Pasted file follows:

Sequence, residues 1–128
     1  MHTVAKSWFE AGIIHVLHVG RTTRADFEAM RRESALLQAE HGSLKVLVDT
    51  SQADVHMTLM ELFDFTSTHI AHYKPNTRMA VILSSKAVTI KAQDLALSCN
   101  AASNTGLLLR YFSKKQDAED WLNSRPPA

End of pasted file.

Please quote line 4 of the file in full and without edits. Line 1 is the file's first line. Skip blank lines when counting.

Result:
   101  AASNTGLLLR YFSKKQDAED WLNSRPPA